If you're still seeing spots from the solar eclipse, it's past time to see a doctor.
But it looks like Tennesseans heeded warnings about potential eye damage. Nashville's largest retina specialists say they haven't diagnosed anyone with eclipse-related vision loss.
The Vanderbilt Eye Institute even set up a little triage clinic for people who stared at the sun without proper protection. Retina specialist Paul Sternberg says someone would notice a problem pretty quickly — like they'd been in a bunch of flash photos.
"Generally, your effect will be fairly immediate," he says. "And if it doesn't recover relatively quickly, there may be some improvement over time, but you are at risk of permanent loss."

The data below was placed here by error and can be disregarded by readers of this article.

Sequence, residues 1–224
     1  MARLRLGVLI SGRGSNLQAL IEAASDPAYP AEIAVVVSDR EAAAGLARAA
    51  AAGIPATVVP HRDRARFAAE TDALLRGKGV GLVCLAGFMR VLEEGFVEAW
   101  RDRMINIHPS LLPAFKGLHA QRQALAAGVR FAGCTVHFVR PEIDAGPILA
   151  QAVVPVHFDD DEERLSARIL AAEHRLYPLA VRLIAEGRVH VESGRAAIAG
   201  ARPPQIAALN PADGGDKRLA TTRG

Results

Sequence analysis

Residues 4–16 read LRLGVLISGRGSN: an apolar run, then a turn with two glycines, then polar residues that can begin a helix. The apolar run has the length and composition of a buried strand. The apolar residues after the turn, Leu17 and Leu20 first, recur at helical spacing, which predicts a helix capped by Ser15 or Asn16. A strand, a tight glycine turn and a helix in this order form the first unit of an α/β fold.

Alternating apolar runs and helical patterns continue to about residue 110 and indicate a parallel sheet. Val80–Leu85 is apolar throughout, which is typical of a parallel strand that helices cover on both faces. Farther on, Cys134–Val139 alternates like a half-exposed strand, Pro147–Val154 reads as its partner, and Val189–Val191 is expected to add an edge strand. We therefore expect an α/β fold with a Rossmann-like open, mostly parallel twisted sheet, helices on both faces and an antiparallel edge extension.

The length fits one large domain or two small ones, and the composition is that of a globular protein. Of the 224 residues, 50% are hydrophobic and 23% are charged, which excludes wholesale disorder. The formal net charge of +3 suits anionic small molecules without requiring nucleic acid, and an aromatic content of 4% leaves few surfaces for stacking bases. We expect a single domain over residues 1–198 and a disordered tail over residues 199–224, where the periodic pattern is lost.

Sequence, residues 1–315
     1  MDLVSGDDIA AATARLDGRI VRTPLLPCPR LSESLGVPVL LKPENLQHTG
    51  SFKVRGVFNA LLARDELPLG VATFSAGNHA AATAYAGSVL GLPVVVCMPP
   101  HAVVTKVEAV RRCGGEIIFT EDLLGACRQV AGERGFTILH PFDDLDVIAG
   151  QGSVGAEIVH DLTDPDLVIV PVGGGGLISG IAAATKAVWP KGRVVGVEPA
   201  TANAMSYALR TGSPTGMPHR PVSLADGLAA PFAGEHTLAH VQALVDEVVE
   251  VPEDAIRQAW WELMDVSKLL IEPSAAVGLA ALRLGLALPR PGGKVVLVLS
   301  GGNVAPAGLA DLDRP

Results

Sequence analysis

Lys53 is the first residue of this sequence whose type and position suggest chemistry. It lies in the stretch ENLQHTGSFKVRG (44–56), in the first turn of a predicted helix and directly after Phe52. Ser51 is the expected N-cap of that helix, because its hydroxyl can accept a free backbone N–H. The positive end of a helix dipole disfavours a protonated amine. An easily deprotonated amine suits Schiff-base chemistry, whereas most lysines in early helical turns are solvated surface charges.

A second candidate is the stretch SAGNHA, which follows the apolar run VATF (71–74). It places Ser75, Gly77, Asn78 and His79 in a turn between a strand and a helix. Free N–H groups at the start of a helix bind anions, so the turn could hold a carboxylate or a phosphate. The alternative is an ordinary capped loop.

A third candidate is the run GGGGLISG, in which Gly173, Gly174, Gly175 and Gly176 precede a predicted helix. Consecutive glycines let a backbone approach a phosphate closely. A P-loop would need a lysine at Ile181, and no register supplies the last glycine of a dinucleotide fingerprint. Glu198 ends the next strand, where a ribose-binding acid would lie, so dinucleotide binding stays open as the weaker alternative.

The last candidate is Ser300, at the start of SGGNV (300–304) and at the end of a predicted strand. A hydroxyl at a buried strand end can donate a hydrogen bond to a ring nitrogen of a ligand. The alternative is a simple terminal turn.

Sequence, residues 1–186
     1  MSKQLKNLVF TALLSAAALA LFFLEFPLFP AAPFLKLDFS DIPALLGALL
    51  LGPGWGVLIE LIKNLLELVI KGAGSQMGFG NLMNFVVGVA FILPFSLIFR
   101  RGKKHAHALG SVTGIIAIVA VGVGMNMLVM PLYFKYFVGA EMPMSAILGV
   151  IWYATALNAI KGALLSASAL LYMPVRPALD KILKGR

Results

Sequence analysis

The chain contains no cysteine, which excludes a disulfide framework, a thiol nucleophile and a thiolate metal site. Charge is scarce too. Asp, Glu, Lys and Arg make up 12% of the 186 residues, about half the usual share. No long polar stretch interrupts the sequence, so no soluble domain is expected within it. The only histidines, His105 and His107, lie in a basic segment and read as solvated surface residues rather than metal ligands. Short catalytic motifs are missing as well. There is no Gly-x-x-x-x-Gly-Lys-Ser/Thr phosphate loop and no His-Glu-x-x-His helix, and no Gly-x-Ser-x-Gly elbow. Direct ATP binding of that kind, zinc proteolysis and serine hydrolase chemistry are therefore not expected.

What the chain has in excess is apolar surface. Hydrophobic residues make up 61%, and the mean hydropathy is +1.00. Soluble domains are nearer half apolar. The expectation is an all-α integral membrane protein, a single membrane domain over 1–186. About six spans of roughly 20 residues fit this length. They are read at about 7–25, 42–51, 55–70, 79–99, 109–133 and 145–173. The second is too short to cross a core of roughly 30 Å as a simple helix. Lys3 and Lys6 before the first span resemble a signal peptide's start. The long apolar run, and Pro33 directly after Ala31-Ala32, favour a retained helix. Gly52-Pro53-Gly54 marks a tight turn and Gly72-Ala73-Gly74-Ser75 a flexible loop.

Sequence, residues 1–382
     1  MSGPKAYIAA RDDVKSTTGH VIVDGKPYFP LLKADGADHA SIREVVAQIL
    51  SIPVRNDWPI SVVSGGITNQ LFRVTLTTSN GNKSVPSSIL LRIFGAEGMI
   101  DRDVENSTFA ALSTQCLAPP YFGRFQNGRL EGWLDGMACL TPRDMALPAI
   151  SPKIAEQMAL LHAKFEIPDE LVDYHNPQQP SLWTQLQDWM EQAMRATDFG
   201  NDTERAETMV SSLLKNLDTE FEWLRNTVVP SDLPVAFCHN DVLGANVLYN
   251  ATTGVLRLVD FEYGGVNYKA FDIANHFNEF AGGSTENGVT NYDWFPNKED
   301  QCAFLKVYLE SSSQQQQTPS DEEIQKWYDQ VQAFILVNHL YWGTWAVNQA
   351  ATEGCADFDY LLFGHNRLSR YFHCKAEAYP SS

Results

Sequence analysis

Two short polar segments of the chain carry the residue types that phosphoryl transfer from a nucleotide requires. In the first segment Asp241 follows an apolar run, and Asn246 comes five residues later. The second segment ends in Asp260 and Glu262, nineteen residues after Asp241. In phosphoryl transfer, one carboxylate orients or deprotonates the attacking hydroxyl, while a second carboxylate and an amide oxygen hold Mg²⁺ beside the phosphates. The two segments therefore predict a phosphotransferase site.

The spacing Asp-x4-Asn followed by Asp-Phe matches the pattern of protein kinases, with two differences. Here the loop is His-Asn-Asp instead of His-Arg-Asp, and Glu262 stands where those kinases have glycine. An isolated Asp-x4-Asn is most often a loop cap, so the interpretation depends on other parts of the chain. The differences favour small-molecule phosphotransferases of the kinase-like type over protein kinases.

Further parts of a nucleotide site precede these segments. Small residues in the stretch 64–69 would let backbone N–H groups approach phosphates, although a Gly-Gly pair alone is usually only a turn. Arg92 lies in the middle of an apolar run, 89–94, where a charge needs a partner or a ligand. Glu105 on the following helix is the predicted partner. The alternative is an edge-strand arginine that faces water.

But so far it doesn't look like many folks failed to take proper precautions, or at least aren't going to the doctor just yet.
Vanderbilt saw 10 patients within a day of the eclipse and a few more trickled in through the week for a total of 15. Tennessee Retina received seven phone calls, and saw two patients in person. But no one has been diagnosed with what's known as solar retinopathy. A Tennessee Retina spokesperson credits preventative efforts by health officials.